Whether you want to change the defaults of the form you just imported, or you have Give Add-ons that have additional fields that you want auto-populated, you’ll need to understand how to find the field information and where to put it in Caldera Forms so they are properly mapped.

For example, let’s say you want the Give form to be generated with one of the display methods (modal, reveal, all fields, or button). You can do that in one of two ways. Either you don’t want to let the volunteer decide what the display method is (in that case you’d create a hidden field), or you do want them to choose their display method, in which case you’d create a select field with the values as the options. Here’s how you’d do both of those.

First, get the option name from your Give form. While in the Give form edit screen, right-click directly on one of the “Display Options” options, then select “Inspect.” That will open the browser inspector. Then find the “name” of those options. In this case, the name is _give_payment_display. If that’s a bit unclear, review the video tutorial above, where I spell that out very clearly.

If you are not giving them the option to choose their display method, then add a hidden field to your Caldera Form, and add _give_payment_display as the “Slug” and your chosen display method as the “Value” — in this case “modal.”

If you do want them to have a choice, then add a select field to your Caldera Form, give it the _give_payment_display “Slug,” and add the following three options:

  • modal (as the “Value”) || Popup (as the “Label”)
  • reveal || Reveal on Click
  • button || Button Mode
Caldera Forms Select options and values
Caldera Forms Select options and values

Let’s do another example, this time with a Give add-on. For example, a common aspect of peer-to-peer fundraisers like this is communicating with your donors on the progress of the fundraiser. You might want to do that via our MailChimp add-on.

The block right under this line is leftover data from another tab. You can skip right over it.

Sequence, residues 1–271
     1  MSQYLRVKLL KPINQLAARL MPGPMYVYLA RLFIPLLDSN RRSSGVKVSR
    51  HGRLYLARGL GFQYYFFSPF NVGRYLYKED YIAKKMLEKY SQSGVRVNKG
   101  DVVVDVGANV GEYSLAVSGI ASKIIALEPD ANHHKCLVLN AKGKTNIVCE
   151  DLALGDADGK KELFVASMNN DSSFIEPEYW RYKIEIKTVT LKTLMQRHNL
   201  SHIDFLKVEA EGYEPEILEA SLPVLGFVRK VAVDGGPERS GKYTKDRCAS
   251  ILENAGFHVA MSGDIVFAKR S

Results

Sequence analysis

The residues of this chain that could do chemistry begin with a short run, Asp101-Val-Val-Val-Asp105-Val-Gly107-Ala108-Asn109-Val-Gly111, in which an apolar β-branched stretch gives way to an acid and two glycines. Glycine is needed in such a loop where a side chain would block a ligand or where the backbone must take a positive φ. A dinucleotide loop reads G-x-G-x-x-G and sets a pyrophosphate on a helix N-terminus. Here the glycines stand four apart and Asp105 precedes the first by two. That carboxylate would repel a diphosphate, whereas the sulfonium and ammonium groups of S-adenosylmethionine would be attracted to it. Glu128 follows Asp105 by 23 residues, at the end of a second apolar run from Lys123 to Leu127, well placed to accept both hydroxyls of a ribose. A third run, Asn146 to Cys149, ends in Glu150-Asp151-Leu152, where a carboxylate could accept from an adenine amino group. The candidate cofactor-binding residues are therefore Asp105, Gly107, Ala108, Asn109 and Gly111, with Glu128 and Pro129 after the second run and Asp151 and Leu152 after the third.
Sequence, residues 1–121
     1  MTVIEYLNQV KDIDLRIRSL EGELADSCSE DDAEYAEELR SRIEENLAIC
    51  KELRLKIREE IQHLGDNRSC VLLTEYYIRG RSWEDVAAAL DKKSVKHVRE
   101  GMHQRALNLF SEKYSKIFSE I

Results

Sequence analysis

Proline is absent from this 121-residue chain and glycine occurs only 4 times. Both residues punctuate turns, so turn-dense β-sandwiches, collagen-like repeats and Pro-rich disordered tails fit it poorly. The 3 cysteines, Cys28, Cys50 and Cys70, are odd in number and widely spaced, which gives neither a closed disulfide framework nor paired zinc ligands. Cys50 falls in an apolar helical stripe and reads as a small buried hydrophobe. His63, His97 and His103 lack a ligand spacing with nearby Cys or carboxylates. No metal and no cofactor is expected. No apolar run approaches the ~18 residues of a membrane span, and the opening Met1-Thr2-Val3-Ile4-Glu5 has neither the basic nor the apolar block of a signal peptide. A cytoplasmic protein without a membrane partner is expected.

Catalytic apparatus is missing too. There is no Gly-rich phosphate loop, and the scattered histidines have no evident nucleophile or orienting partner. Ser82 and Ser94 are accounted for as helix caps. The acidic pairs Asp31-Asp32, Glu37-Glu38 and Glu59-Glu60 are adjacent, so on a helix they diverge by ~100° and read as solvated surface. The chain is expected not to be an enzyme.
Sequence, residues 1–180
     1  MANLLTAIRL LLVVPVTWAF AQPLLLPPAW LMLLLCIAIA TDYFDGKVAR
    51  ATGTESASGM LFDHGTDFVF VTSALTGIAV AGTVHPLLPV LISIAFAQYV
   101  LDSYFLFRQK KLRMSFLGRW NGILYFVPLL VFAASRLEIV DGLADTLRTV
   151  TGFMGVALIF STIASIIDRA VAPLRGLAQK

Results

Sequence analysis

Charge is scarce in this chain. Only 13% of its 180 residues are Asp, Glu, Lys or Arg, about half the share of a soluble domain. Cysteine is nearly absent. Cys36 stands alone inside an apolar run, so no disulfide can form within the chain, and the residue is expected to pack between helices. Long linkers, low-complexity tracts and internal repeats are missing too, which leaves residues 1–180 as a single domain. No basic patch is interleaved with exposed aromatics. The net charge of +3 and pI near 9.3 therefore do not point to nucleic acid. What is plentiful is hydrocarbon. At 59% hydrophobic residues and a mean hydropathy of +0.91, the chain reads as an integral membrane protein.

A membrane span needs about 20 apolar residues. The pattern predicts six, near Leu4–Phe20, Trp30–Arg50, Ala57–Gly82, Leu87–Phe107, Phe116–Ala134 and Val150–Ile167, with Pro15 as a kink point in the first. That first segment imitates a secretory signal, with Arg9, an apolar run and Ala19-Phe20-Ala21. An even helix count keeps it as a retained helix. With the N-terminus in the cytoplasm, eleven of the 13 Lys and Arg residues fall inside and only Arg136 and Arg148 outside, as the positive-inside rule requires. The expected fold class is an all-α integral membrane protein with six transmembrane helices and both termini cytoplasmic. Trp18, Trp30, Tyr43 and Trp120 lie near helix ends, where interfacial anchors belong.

Perhaps there’s a specific list that you want your donors opted into for all of these forms. Our MailChimp add-on allows you to choose a specific list from your MailChimp account per form, like this:

Give Form MailChimp Options
Give Form MailChimp Options

In this case you need to add two hidden fields: one to enable the MailChimp integration for this form, and one to enable the list you want.

As before, you’ll right-click on the checkbox to get the name of that option. In this case, the enabled checkbox is _give_mailchimp_enable, so that’s the “Slug” for your hidden field, and the value is “enabled.”

The second hidden field is the name and value of the list you want checked. In this case, the name is _give_mailchimp[], which you set as the “Slug,” and the value is the ID of the MailChimp list “481323b727.”

You could give the volunteer the choice of which form their donors should be opted into with a select field as well, by simply adding a select option with the “Slug” _give_mailchimp[] and each option would have a name and value of your lists that you want them to choose from.

Email Notifications

Now that all your fields are mapped, make sure that you set both an Admin notification email (In your Caldera Forms “Form Settings” section) to you and a confirmation email for your volunteer. With Caldera Forms you can populate any of these fields into that message however you like.

Most likely, you’ll want to notify the volunteer when you post the form live. You’ll find that in the Caldera Form entry, but you could also add their email into your Admin notification email for your convenience.

Developer Ideas (Optional):

If you are a developer, you might already be thinking of ways you can improve this process for your clients. Here are a few things I’d suggest for a simple custom functionality plugin to make everything a little smoother:

  • If you’re handy with triggering emails in WordPress, perhaps just automate that by hooking into the publish_post action and emailing the supporter automatically.
  • Add a metabox to the give_forms post type (using our Settings API here) and conditionally show the Email address of the supporter directly in the form edit screen, so when the Admin pushes the form live, they can just copy/paste or click that email to email the supporter that their form is now live.

Using a Different Form Builder?

We personally really like Caldera Forms, and their free Custom Fields add-on makes this very easy for you to accomplish. But perhaps you’re already using a different form plugin.

Fortunately, this type of functionality is built into the major form plugins and there are some great tutorials for this out there. The details will be a bit different, but the underlying concept and functionality are the same.

Dream Big and Build Big!

We at Give believe in dreaming big! Peer-to-peer fundraising is very powerful and effective, but it’s also very complex. This front-end form submission is just the tip of the iceberg in terms of all that peer-to-peer does. We are just beginning the vision process for what a full-fledged peer-to-peer add-on would look like in Give, but front-end submission is an important step. This will get you there in the meantime, but we’d love to hear from you regarding what features you’d like to see in a powerful peer-to-peer add-on for your cause.